If Cologne was a royal centre around the year 500, could it really have been an ‘empty shell’? There is one major problem: the list of Cologne’s bishops. Fasti surviving from the High Middle Ages provide a chronological list of Cologne’s bishops since its first bishop Maternus in 313, but after 400 AD there is no bishop on the list for almost two hundred years. Clearly, without a bishop Cologne could hardly have been a place of importance. But there is no reason to put a lot of faith in a ninth century episcopal list, especially because a contemporary source actually names a bishop who is not named on the list. Clearly, the later compilers did not remember all the bishops of their distant past, or found no reason to commemorate them.
The archaeology of Cologne is just as difficult to interpret as the written evidence. Disturbed by centuries of construction works and heavy destruction during World War II, the ephemeral traces of the Early Middle Ages are difficult to find. We also do not know to what extent the Roman buildings were kept in use. For example, the Roman governor’s residence (praetorium) has little archaeological evidence of early medieval occupation habitation, but we suppose that the Frankish kings and counts must have used it as their palace. One argument goes that a lack of Merovingian ceramics in fact indicates that the buildings were kept clean of rubbish (but so far, we have not found their landfills either…)
Still, the archaeology of early medieval Cologne has come a long way over the last decennia. In the Rural Riches project, we have collected as much of the information as possible in our project database (see the map below). However sparse the data, the emerging picture is of continuing habitation and use in the early sixth century. For example, in Deutz (the Late Roman fortress Divitia) across the Rhine, remains of Merovingian, timber-frame houses have been found amidst the remains of Roman barracks, dating to from the late fourth to early sixth century. More recently, at the Heumarkt on the western bank of the Rhine, archaeologists found the remains of many wooden buildings. Far more importantly, they also found remains of raw glass, beads, fragments of vessels and crucibles, indicating that it must have been an important production site, which can be dated back already to the late fifth century. A significant community of craftsmen and traders must have been present here around the year five-hundred.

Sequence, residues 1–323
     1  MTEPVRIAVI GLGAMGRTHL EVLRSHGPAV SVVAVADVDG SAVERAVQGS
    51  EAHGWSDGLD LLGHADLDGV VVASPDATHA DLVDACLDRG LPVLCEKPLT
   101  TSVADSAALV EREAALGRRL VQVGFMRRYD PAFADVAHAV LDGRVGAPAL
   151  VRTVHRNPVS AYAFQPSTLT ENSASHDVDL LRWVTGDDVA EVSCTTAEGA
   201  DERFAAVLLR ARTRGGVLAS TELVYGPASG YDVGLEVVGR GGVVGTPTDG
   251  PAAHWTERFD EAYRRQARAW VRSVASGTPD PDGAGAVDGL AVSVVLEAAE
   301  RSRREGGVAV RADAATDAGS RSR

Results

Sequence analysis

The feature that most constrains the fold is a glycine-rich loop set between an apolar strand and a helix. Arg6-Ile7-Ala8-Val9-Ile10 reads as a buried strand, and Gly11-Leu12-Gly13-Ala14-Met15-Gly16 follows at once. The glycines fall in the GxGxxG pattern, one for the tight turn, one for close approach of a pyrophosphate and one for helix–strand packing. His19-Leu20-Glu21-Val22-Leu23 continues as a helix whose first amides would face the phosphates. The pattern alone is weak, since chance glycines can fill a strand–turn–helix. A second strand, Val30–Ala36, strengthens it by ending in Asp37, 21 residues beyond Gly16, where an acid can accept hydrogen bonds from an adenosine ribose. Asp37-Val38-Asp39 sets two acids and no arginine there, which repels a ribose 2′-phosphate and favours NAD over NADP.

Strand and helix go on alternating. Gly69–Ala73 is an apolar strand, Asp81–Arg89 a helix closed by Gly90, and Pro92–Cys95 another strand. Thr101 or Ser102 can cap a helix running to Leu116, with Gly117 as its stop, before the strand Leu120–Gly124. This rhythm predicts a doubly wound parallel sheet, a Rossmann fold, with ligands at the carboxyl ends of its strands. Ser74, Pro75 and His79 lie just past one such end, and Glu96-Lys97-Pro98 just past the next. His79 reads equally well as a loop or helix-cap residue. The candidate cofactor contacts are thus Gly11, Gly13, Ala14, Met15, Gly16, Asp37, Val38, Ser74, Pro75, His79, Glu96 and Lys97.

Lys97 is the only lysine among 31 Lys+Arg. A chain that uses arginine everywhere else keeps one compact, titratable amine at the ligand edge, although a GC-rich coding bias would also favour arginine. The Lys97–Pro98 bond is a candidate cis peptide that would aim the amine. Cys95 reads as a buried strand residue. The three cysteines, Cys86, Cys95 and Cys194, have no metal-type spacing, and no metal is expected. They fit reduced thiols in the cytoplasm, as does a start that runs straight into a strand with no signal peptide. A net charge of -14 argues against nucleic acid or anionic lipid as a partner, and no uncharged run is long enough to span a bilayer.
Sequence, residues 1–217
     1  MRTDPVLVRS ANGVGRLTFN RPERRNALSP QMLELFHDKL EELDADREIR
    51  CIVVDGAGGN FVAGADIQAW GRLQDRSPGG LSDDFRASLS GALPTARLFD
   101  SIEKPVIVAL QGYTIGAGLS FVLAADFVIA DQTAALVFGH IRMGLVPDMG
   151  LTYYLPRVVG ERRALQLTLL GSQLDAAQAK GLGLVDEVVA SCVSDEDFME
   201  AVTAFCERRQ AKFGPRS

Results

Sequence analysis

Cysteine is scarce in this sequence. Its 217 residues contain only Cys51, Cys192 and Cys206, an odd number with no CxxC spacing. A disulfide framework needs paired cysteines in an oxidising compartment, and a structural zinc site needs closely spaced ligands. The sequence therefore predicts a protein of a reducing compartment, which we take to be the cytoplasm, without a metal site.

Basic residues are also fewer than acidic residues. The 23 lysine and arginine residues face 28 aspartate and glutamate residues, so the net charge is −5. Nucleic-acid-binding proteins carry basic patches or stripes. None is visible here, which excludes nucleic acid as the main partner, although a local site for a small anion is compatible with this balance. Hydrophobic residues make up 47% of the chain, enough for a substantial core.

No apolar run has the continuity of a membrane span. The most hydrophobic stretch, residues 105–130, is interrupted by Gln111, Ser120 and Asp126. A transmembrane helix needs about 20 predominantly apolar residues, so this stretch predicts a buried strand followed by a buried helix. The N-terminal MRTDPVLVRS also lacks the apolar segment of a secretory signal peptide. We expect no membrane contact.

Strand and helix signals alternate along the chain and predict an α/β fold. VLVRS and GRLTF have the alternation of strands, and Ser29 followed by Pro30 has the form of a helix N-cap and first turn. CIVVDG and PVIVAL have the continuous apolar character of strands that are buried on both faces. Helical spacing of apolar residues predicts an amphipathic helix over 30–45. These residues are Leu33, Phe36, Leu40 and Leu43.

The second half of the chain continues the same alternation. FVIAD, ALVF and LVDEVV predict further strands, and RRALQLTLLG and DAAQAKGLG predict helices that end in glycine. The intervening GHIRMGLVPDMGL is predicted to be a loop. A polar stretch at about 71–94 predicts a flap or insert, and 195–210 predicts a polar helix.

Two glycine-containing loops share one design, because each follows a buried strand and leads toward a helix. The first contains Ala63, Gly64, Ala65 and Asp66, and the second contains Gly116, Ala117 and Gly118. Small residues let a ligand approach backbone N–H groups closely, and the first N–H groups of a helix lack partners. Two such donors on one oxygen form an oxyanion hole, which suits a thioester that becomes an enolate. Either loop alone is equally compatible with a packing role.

With a little bit of imagination, we can start to picture early Merovingian Cologne: its Roman city walls still standing, but a large part of its intramural area now devoid of urban population. Yet, around various centres, both inside and outside the walls, communities persisted: perhaps farmers or soldiers at the Roman fortress at Deutz, a community of craftsmen along the Rhine, and perhaps a high-status community around the palace or praetorium and the cathedral. Extramural funerary structures provided urban foci outside the walls. Like so many other early medieval towns, Cologne in the year five hundred was therefore polycentral, spread around multiple smaller settlements together making up the bigger city.